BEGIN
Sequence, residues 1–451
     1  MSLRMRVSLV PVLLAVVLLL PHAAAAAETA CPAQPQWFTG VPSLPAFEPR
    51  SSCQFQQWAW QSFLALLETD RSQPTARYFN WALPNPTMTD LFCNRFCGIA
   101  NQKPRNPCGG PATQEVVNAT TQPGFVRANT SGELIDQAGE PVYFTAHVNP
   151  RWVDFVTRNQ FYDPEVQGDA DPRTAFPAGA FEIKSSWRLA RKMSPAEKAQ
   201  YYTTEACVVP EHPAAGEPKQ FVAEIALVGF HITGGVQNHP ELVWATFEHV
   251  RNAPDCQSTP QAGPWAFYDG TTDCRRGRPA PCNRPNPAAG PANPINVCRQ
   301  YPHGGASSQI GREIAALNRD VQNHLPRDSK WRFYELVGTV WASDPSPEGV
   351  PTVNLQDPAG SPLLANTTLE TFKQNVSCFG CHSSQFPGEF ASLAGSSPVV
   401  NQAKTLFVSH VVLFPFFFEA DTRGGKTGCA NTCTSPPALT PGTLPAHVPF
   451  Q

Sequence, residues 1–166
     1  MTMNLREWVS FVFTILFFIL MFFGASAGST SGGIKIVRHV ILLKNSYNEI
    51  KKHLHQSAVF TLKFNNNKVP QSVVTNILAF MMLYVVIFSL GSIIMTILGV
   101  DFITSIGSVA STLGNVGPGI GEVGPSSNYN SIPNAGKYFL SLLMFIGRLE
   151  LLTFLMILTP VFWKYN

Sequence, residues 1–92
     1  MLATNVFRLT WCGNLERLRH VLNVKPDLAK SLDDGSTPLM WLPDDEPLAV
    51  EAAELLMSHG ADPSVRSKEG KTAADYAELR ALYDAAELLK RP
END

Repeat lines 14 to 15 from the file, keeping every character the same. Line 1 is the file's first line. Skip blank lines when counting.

    51  KKHLHQSAVF TLKFNNNKVP QSVVTNILAF MMLYVVIFSL GSIIMTILGV
   101  DFITSIGSVA STLGNVGPGI GEVGPSSNYN SIPNAGKYFL SLLMFIGRLE